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Crawley school joins thousands across the country as they floss for funding

Pupils and teachers have come together to raise awareness of cuts.

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The flossing craze is not dead just yet.

Pupils and staff at St Wilfrid’s have joined thousands of others across the country in a bid to raise awareness of cuts that the schools say are crippling them.

The nationwide action was organised by Fair Funding for All Schools and Save Our Schools and it aims to raise as much awareness as possible to the plight of funding cuts.

Watch St Wilfrid’s floss below:

It comes just 3 weeks after thousands of head teachers marched in Westminster about the funding issue.

Education

Crawley Headteacher pleads with parents to challenge election candidates over school funding

Michael Ferry, who is Headteacher of St Wilfrid’s school in Crawley, has penned a letter to pupils parents encouraging them to seek answers over the problems of funding in education.

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Parents of pupils attending St Wilfrid’s school in Crawley have been sent a letter by the Headteacher Michael Ferry.

In his letter Mr Ferry asks parents to push all political candidates up for election in Crawley about funding issues for schools.

In his letter Mr Ferry says:

“St Wilfrid’s is a very successful school with a strong reputation within Crawley and West Sussex as a whole. Since 2015, I have been forced to make significant cutbacks in order to be able to set a “balanced budget” year on year.

The results of such cutbacks can be seen starkly in the reduction of the number of full time equivalent (FTE) teachers at the school; in 2014 we had 66, starting in September 2019 we had 55! Some of these reductions have been through a formal re-structuring process, others by deciding not to replace a teacher when they have left and some because there is simply a recruitment and retention crisis in the profession across a broad range of subjects.”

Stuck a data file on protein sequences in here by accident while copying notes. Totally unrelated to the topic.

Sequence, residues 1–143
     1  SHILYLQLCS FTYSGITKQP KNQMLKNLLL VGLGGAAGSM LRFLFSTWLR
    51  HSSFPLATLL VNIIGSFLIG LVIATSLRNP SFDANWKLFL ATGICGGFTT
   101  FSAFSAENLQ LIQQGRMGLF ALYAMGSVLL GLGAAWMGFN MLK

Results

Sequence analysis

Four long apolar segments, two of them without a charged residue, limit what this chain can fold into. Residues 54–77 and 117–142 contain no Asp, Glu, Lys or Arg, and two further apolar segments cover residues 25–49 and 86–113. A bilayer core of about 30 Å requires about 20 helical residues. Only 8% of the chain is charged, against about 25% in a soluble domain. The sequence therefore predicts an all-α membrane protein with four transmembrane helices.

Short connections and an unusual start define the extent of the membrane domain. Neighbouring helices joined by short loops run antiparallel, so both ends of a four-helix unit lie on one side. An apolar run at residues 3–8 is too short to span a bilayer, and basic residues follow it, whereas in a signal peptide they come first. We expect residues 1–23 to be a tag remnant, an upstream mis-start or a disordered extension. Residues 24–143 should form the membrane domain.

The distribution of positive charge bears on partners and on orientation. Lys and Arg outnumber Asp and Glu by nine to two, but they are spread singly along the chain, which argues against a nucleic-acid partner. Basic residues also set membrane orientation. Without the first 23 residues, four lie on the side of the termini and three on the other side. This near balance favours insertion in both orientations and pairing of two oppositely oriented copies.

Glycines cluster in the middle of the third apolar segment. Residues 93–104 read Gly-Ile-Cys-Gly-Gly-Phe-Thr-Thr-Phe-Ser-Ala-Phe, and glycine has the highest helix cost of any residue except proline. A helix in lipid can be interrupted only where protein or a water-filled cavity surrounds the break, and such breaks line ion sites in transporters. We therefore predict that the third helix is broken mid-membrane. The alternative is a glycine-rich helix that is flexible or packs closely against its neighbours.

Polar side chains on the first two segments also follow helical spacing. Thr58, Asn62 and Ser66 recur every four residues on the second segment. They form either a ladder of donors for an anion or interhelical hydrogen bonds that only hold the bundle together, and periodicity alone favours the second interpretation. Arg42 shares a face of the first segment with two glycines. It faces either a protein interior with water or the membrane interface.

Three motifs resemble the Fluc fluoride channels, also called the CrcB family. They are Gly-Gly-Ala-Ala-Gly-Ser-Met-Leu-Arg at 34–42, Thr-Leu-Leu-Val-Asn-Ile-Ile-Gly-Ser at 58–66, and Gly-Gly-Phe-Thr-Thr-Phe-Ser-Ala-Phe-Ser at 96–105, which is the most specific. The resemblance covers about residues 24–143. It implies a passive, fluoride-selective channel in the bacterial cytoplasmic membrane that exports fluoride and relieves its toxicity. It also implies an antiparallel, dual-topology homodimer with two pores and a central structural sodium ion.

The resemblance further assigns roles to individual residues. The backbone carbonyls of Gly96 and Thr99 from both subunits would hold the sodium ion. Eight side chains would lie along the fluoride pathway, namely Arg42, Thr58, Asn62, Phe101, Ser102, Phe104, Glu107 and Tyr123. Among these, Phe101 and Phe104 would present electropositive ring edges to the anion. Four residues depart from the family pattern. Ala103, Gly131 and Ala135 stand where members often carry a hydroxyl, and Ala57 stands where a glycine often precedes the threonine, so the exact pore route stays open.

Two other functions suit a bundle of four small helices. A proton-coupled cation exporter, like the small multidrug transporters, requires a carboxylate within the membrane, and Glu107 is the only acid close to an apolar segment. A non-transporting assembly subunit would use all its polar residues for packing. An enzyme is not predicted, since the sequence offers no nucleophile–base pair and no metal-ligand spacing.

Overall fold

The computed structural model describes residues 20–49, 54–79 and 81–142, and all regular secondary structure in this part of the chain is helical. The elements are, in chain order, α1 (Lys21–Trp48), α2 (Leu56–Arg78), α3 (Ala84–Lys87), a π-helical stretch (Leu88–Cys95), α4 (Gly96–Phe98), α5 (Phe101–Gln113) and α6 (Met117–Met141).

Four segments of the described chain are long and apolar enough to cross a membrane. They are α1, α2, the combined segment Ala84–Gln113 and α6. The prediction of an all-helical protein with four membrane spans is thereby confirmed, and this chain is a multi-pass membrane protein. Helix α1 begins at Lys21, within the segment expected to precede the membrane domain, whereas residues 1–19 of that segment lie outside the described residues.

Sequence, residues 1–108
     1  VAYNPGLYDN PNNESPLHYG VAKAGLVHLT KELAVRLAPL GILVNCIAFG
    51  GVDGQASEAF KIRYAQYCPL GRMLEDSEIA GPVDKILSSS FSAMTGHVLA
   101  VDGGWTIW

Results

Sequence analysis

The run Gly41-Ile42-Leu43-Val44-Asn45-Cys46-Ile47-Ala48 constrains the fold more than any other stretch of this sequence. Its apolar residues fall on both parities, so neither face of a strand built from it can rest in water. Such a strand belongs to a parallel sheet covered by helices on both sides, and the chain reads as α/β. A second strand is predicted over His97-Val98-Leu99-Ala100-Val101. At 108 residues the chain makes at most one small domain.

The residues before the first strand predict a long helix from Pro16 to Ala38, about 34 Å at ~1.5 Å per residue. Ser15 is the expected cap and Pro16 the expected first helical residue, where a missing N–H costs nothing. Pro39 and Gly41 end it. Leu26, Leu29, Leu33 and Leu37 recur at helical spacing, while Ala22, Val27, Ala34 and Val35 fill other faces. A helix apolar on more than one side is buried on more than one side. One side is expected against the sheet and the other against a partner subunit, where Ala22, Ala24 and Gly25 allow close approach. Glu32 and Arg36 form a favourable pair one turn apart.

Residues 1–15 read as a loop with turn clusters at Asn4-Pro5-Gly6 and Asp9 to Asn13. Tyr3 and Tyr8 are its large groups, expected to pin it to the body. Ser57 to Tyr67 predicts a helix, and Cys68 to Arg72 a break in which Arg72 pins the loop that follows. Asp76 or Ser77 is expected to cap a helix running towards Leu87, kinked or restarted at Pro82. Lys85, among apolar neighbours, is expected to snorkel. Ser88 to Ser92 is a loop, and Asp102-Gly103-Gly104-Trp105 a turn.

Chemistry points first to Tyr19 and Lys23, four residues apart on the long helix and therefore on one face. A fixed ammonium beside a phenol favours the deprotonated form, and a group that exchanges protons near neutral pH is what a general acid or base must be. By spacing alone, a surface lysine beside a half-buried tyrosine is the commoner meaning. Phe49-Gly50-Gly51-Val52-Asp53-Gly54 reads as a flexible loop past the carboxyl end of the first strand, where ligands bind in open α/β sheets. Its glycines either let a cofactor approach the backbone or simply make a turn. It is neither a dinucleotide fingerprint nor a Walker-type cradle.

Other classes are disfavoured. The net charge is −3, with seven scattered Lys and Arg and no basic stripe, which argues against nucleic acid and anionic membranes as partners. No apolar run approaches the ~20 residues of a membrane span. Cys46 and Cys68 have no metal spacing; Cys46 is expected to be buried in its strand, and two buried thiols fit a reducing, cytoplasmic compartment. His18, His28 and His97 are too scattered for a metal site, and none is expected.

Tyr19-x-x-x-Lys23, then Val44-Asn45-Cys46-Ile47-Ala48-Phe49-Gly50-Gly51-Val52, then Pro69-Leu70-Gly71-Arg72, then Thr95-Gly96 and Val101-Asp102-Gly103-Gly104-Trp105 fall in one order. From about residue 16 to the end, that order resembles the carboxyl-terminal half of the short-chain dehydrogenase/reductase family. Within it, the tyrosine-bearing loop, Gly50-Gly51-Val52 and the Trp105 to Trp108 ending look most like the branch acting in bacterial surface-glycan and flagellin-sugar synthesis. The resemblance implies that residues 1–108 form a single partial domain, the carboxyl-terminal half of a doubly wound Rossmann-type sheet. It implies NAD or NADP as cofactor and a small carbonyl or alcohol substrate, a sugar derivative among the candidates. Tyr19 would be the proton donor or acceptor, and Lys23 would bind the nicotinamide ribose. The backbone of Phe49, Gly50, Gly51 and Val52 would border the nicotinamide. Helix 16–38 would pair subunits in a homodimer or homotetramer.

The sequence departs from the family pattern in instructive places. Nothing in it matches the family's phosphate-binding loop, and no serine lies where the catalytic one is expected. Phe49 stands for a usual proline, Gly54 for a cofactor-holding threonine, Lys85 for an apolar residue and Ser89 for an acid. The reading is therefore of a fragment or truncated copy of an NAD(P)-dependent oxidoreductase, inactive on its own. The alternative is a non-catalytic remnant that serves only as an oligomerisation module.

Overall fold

Referring to the upcoming election he says:

“In the coming weeks you will undoubtedly hear terms such as “more money in education than ever before!” and “levelling up” from current ministers and undoubtedly there will be “promises” from all parties in their manifestoes.

The reality is that I have to make savings year on year, as any increases in funding either real or projected are simply not enough to keep pace with the rises in costs.”

Mr Ferry finishes his letter with listing out four points he says he has identified to help inform parents and encourage a debate with candidates:

  1. Special Educational Needs & Disabilities (SEND) The recent report from the Education Select Committee can be accessed via www.publications.parliament.uk/pa.cm201920/cmselect/cmednc/20/2003.htm
  2. Current announcements from Government promise an increase in funding of £2.6bn in 2020/21, £4.8bn in 2021/22 and £7.1bn in 2022/23. These are not adjusted for inflation and only represent increases in “cash terms”. Any future government would need to increase these figures significantly and ensure that future investments are protected against rising costs. As an example, the £7.1bn projected increase 2022/23 equates to a “real terms” increase of £4.3bn once you have factored in future cost pressures.
  3. Post 16 funding for Sixth Form students must be addressed. Despite the recent announcement of a small increase of funding per student, which is hugely welcomed, it will require significantly more investment in schools and Sixth Form Colleges to ensure that further cuts in the curriculum offer are not needed and that the breadth of subjects on offer can be rich and varied.
  4. There is a recruitment crisis in teaching across many subjects, especially in the cores subjects of Science and Maths, but also in many other areas including RE, MfL, Design Technology (including Food Technology), Computers Studies, in fact, trying to recruit in any subject is exceptionally difficult and increasingly becoming more expensive. As an example, FTE teacher numbers have fallen by over 10,000 in the last four years with almost a third of teachers leaving the profession within 5 years of qualifying. Any future government must set out clear plans to address this issue and ensure that sufficient real terms funding is made available as necessary eg. If any party “promises” to increase salaries for teachers to aid recruitment, it must also provide the year on year real terms funding for this.

You can read the full letter here by clicking here.

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